Sandra Kweder, deputy director of the FDA Office of New Drugs, said it was not unusual for advisory panel members to be kept from participating in a meeting if they have clear financial interests or intellectual positions that could keep them from being objective.
The importance of the potential conflict is underscored in this analysis by the fact that only 4 studies out of 140 were selected. Despite this caution the analysis must be taken seriously. It agrees with other research findings and when combined with other reports it strengthens the “signal” for macro vascular harm associated with Avandia.
The other paper, though conflicted due to co-author Steven Nissen’s ties with Takeda pharmaceuticals, the makers of the study drug, also confirms previously known findings. Pioglitazone (Actose), Avandia’s competitor and companion TZD, was found in a meta-analysis to be associated with a reduction in the primary composite outcome of death, myocardial infarction and stroke. This is in line with the controversial PROactive study. Thus it would appear, surprisingly enough, that the two approved members of the TZD class have divergent effects on macro vascular health, once again challenging simplistic assumptions about class effect. (Mea culpa!).
The accompanying editorial gives a helpful clinical perspective and makes suggestions for change at the FDA. Unfortunately label revisions and black box warnings are not enough. As the editorial points out and as I wrote in a previous Medscape Roundtable it has been demonstrated again and again that doctors ignore such warnings. This has not only led to untold instances of direct patient harm but has also deprived patients of beneficial therapy due to the withdrawal of effective drugs form he market. It has unfairly tarnished the reputations of drug companies and the FDA.
Unfortunately this debate has been fueled by a fundamental and pervasive misunderstanding of diabetes treatment. The problem is an inappropriate expectation that anti-diabetes drugs should improve macro vascular outcomes. Myocardial infarction and stroke are examples of macro vascular outcomes. While it’s well established that glycemic control improves micro vascular outcomes (e.g. retinopathy, neuropathy and nephropathy) clinical epidemiologists have been telling us for years that not even the strictest glycemic targets produce macro vascular benefits. In fact it has been known long before the advent of TZDs that drug treatment for type 2 diabetes is associated with macro vascular harm. This fact was recognized decades ago when the University Group Diabetes Program (UGDP) reported increased cardiovascular mortality in association with first generation sulfonylureas.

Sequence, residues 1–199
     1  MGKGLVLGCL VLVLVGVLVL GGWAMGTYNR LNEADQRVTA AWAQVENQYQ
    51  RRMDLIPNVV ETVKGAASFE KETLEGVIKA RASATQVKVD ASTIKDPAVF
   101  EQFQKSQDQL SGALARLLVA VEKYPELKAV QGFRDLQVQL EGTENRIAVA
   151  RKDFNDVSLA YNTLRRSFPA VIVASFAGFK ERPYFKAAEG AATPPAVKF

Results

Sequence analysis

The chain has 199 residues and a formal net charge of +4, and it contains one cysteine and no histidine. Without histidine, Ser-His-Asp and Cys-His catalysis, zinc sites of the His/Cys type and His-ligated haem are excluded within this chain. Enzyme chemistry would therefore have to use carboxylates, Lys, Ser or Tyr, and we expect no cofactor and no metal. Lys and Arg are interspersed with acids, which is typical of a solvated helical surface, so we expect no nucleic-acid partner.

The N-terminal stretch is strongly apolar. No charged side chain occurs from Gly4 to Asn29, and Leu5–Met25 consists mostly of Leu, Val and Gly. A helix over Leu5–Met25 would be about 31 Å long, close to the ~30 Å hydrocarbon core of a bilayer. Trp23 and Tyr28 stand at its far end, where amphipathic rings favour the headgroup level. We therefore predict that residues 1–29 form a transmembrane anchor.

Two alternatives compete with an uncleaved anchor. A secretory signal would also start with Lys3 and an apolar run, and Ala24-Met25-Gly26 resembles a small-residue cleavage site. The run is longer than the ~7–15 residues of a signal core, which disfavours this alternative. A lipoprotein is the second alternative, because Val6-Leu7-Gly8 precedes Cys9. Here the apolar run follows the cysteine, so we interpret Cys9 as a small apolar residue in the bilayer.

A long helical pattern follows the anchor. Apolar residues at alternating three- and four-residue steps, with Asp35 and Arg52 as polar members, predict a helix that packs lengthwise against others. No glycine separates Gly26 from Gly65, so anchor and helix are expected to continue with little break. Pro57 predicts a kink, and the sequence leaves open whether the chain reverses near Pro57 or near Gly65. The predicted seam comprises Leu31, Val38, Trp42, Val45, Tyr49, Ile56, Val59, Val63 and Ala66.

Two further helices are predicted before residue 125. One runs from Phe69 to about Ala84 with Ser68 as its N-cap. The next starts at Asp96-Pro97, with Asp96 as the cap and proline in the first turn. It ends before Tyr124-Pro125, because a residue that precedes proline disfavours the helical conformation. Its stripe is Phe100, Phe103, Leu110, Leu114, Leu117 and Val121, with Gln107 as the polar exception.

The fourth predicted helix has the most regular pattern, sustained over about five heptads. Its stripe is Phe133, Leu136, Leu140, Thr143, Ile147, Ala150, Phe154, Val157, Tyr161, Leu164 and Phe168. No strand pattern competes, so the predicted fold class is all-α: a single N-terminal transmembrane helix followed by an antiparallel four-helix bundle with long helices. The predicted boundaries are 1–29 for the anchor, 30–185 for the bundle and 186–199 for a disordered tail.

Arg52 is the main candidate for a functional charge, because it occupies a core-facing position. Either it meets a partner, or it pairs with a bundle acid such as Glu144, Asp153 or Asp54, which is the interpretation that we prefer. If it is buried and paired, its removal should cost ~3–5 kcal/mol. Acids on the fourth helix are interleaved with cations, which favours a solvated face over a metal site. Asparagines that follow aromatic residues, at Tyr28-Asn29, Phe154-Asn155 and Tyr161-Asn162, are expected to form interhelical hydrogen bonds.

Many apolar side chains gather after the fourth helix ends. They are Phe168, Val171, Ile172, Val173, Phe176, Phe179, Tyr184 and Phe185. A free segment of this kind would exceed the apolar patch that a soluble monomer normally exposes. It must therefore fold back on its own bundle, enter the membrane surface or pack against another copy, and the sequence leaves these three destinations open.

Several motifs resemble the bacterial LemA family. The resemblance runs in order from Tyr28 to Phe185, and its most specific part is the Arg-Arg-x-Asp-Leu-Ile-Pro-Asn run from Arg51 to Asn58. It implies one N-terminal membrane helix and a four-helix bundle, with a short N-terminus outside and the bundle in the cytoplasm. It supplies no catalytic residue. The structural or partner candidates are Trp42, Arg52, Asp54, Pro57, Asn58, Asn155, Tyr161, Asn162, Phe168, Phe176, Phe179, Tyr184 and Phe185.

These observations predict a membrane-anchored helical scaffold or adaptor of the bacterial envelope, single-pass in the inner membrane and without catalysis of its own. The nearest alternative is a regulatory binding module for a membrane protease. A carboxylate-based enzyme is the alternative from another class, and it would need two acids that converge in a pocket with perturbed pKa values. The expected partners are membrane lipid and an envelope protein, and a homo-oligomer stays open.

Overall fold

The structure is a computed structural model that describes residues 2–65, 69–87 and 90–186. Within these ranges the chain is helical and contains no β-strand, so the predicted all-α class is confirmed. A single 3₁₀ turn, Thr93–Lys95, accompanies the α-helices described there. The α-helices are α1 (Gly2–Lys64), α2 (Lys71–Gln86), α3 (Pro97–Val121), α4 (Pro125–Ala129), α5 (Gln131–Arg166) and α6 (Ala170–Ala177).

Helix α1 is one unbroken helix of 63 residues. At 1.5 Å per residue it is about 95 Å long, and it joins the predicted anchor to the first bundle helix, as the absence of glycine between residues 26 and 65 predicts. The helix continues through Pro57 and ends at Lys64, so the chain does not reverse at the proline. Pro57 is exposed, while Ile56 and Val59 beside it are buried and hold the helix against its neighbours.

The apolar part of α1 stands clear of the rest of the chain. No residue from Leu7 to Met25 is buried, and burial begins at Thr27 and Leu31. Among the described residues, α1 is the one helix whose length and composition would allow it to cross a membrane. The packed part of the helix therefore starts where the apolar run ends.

Although the UGDP study was criticized its findings have been supported in subsequent reports such as this recent analysis of a large Canadian health care database. Not only first generation but also second generation sulfonylureas were associated with cardiovascular death, and the association was dose related. These alarming findings, published last year, went largely unnoticed in the arena of public debate. Where was the outrage? Where was the New York Times? There can only be one explanation. The fact is, these are old, off patent drugs from decades ago. That makes it difficult to bash drug companies and the FDA. While the findings are much more important (because patient deaths are involved) than the Avandia results there’s low potential for hype. Clearly the popular media hysteria is more about finger pointing than patient care.
In order to improve macro vascular health in type 2 diabetes you can’t just lower blood glucose. You have to do something else. What is that “something else”? It is, at the risk of oversimplification, treatment of the metabolic syndrome, the principal dyslipidemia of type 2 diabetes. Such treatment is generally multimodal, based on hygienic measures (diet and exercise) often in conjunction with lipid regulating drugs. Glycemic control doesn’t accomplish this goal, and glucose controlling drugs are ineffective unless they exert additional direct effects on one or more adverse components of the metabolic syndrome. For a glucose controlling drug this is not the norm. When it occurs it’s a bonus. Thus far only two drugs in the vast array of diabetes medications appear promising in this regard: pioglitazone and metformin. Realistically the best we can expect for most diabetes drugs is a neutral effect on macro vascular health.
Background: Here’s the FDA warning for a popular sulfonylurea (Amaryl).